For me and my fellow college students, registration is just around the corner. (For my friends at UNCW, it begins April 4th!)
I know that registration is a stressful time for many students, so in order to (hopefully) combat that, I’ve put together a checklist for registration.
1 Month Before
- Review degree & gen ed requirements. My school and many others have a tool called a degree audit. Locate it, run it, and use it. It will tell you exactly how many credit hours you have already completed toward your degree and what classes you have left to take. Also make sure to review which classes fulfill your gen ed requirements.
- Check course catalog. This is usually available months before registration opens, and there is no excuse to wait until your registration time begins to start looking at classes. Outline which courses you want to take based on the requirements from your degree audit.
- Make mock-up schedules & backups. This is the fun part. If you don’t like mocking up schedules, MyEdu.com can do it for you (and I have a post about that coming up next week!). If you want to do it yourself, here’s the simple template I use.
- Meet with your adviser(s). Usually you’re required to do this in order to get your registration PIN. Don’t put it off! Bring your mock-up schedule with you for them to approve, and it will be quick and painless.
- Request any necessary overrides. If you’re going to be an overachiever and take a class you’re not technically authorized to take, make sure you get someone to override the system beforehand. This task could be directed to the departmental adviser, your personal adviser, or the teacher of the class.
1 Week Before
- Double-check the course catalog. Make sure nothing has changed as far as which classes are being offered. If something has changed, you are going to need to choose one of your backup courses.
- Write down course IDs. I normally do this while creating mock schedules, but go into the catalog system and write down or type all of the ID numbers of the courses you want to take. My school and many others have a drop/add system where you can add multiple courses at once by pasting their ID numbers into boxes on the registration page, and this is much faster than manually going through the catalog to drop or add. Faster means you have a better chance of getting the classes you want.
- Clear schedule for registration time. Figure out exactly when your time to register is, not only to the day but to the time. Clear your schedule so that you can log on at exactly 10 a.m. (or whenever your personal registration time starts) and get in as fast as possible.
- Do any “1 month before” tasks remaining. If you slacked off on the previous list, finish all those tasks now.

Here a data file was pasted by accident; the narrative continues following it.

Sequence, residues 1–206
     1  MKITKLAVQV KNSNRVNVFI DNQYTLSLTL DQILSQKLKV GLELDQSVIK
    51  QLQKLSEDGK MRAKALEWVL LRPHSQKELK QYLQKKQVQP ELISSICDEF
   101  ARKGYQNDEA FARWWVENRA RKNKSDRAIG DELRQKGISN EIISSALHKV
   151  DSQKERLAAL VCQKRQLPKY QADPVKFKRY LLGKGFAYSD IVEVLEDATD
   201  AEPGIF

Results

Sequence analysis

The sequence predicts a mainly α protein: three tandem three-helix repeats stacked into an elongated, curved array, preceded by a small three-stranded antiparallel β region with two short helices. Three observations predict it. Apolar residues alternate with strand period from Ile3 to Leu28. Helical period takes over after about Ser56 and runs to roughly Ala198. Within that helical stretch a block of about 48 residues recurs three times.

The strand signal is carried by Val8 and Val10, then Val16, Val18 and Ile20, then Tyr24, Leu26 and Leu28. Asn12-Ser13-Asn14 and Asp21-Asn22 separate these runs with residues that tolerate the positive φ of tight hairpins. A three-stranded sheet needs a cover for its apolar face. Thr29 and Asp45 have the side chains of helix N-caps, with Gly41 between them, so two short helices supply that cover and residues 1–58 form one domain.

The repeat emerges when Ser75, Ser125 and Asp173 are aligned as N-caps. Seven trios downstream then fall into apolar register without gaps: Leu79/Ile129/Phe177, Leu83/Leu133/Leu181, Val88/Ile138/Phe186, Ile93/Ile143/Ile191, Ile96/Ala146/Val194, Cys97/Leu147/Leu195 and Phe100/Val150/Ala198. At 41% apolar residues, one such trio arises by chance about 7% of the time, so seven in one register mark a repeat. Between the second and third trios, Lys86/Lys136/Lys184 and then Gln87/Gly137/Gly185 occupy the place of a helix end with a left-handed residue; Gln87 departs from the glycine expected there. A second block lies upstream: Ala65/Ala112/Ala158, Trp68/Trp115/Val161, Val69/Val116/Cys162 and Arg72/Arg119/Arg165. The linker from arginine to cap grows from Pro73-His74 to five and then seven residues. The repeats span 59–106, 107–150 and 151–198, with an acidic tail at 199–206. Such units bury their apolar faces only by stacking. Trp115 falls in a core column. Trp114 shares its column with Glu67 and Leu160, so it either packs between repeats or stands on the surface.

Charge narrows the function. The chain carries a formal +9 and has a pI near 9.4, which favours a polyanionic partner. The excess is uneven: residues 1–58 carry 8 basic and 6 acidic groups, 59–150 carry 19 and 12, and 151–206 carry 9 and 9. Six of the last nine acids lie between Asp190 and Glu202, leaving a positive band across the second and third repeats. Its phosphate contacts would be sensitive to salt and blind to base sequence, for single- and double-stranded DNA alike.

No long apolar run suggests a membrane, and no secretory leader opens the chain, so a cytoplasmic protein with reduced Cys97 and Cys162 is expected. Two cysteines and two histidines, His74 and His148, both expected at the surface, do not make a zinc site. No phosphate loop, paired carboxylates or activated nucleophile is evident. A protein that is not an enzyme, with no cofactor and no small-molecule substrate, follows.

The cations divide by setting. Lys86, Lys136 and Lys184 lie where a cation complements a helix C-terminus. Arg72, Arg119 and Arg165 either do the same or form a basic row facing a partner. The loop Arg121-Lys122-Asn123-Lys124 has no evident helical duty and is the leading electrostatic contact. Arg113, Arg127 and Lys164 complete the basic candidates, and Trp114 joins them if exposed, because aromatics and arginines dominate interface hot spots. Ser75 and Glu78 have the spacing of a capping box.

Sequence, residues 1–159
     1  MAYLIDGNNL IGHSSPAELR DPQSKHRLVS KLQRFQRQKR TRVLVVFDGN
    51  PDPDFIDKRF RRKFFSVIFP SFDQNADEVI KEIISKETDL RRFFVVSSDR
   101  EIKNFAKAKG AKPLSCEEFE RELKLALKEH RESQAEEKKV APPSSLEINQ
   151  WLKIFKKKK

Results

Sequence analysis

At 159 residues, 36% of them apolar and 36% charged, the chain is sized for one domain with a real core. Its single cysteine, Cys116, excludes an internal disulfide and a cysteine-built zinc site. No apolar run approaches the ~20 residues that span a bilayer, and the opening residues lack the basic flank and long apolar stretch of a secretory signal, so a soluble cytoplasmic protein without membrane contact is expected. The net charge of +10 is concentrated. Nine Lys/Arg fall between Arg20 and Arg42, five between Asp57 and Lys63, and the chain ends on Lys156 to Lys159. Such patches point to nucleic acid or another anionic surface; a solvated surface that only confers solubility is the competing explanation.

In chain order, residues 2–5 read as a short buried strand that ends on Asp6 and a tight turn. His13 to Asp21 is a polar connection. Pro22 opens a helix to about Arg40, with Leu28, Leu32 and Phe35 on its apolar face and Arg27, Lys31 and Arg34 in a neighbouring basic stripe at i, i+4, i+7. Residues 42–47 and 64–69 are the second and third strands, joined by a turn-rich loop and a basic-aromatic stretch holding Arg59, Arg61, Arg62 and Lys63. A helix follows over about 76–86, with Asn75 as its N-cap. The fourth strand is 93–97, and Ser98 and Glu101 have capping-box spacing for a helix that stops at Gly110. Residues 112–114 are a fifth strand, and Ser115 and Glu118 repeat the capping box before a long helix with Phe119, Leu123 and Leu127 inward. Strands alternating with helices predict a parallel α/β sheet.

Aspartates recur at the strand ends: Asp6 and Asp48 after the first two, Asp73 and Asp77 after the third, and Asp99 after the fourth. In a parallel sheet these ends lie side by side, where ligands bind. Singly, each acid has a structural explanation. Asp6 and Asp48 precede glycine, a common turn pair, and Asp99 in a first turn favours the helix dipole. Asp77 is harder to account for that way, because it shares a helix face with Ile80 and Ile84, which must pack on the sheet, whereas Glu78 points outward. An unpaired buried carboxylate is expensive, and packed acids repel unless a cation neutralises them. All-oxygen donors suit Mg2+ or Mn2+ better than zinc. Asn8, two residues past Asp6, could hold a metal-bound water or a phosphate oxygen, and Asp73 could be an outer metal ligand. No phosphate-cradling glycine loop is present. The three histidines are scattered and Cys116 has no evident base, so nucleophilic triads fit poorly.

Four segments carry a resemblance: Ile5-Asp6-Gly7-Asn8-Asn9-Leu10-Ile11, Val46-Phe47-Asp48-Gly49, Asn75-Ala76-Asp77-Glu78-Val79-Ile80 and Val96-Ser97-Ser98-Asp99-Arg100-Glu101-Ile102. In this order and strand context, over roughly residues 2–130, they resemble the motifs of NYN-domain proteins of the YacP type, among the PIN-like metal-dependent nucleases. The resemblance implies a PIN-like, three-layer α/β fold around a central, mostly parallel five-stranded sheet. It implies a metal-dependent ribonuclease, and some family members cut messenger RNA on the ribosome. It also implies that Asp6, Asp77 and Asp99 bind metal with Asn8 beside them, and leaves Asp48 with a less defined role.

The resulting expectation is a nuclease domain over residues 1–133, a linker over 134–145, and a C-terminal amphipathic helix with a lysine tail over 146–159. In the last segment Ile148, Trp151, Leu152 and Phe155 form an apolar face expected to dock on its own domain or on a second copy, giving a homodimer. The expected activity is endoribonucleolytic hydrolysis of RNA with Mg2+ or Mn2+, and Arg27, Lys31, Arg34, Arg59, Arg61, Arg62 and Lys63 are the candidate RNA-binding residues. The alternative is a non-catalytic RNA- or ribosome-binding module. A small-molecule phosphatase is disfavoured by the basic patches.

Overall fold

- Alter schedule as availability changes. If you are not among the first wave of students to register (and if you’re not a senior, an athlete, or an honors student, you’re probably not), classes will fill up before you get to register. Check back often on the classes you want to see if they have filled up. If they have, it’s time to make some changes.
- Watch course availability changes before your scheduled registration time. It’s very important to check back frequently so that you don’t get caught by surprise when you try to register for a full class.
- Log on to course portal as soon as your registration time begins. If your registration time begins at 10 a.m. on April 4th, you had better be logged in by 10:01. Speed is key in getting the courses you want and need.
- Add all courses at once via ID number. As mentioned above, most registration portals allow you to add multiple classes at once if you know their ID (or CRN) number. Refer to the list you made a week before registration and copy/paste for the fastest results.
- Join waitlist for unavailable courses (if possible). Joining the waitlist is the best way to get into a class that’s full. The system will automatically add waitlisted students if students in the course drop. If the waitlist is full, you’ll just have to wait till drop/add. (Or, if you know the professor well, you can ask very nicely if they’ll exceed the student limit to get you an override.)
After Registration (Drop/Add)
- Drop any unwanted courses and add backups instead. During drop/add, which is the first week or so of classes, class populations will fluctuate rapidly. Keep an eye on your backup courses if you think you might drop a course.
- Purchase books & any other necessary items. Sometimes, even though your school will give you a book list, the professor will not actually require you to use a book. You can save a lot of money if you wait until the first week of classes to purchase your books (or if you email your professor ahead of time to ask which books are truly “required”).
- Re-check course availability frequently (if you didn’t make the waitlist). If you didn’t get into a class or its waitlist, drop/add is your last chance. Keep an eye on the coveted class and notice when a spot opens up.
Those are the main points! Course planning and registration is a strange hobby of mine, so if you have any additional questions or want advice on your schedule, I would love to help. 🙂